64[writer]: 97.235 wall (2.031 usr, 68.674 sys), 10.531 Mb/sec
1024[writer]: 13.300 wall (0.145 usr, 9.039 sys), 76.991 Mb/sec
65536[writer]: 3.068 wall (0.001 usr, 1.718 sys), 333.766 Mb/sec
FreeBSD 8.0-CURRENT undermydesk (no cpu switch patches though)
64[writer]: 53.163 wall (1.057 usr, 42.083 sys), 19.261 Mb/sec
1024[writer]: 5.325 wall (0.118 usr, 4.146 sys), 192.284 Mb/sec
65536[writer]: 0.567 wall (0.000 usr, 0.130 sys), 1805.509 Mb/sec
So on this machine we start of 2x as fast and end up 5.5x as fast. The numbers pretty much follow a curve through those points. This verifies the data taken from the old 32bit HTT machine they tested on. I don't intend to post configs and so on as the original lkml thread is plenty rigorous enough.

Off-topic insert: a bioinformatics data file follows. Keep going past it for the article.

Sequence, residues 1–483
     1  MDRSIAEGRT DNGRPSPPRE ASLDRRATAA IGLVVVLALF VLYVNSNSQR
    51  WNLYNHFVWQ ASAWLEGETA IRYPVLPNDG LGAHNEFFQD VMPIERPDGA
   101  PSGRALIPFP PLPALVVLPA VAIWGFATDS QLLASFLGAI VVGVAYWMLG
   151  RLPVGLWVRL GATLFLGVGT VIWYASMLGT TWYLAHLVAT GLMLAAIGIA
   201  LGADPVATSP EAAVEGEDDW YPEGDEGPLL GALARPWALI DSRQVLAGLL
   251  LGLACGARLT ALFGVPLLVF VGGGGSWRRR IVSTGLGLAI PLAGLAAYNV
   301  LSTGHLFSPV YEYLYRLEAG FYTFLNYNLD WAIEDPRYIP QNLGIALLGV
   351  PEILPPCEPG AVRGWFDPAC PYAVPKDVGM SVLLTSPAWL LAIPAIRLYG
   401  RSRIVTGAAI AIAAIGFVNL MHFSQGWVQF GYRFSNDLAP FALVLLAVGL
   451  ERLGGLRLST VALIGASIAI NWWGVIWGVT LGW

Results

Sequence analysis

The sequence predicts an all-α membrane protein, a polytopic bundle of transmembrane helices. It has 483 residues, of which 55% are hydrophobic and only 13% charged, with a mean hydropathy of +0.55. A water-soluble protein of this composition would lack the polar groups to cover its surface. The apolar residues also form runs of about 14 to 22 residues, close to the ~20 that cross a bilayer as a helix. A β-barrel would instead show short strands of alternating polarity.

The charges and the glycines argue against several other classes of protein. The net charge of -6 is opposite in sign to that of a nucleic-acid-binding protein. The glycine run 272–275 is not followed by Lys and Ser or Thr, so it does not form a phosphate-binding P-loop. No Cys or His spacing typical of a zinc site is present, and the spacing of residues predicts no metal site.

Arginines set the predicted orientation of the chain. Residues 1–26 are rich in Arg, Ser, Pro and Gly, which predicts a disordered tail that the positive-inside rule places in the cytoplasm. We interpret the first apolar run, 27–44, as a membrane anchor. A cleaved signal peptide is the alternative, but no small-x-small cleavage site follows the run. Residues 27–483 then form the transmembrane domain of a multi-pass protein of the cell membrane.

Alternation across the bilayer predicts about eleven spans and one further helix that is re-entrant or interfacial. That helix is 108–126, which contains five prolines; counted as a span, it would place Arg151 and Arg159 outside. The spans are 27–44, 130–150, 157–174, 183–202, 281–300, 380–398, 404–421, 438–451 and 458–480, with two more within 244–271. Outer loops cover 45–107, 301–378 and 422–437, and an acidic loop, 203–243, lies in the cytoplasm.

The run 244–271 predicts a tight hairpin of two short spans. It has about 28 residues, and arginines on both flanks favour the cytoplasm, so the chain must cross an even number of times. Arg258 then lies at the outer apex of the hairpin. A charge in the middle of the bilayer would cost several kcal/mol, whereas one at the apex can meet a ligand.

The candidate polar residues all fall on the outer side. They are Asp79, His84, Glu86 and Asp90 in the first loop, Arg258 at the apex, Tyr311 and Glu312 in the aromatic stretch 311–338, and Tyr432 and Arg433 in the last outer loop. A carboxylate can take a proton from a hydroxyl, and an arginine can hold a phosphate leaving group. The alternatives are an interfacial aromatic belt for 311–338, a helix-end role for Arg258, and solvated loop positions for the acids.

I forgot to mention earlier. The FreeBSD Alan Cox has committed super-pages! We're seeing some great gains from that. This allows the kernel to automatically use large TLBs for conforming regions of memory. It has a component that ensures that large, contiguous, chunks of physical memory will be available to support this. There is also a defragmenting/compacting piece. There's some great work going into FreeBSD 8.0 already!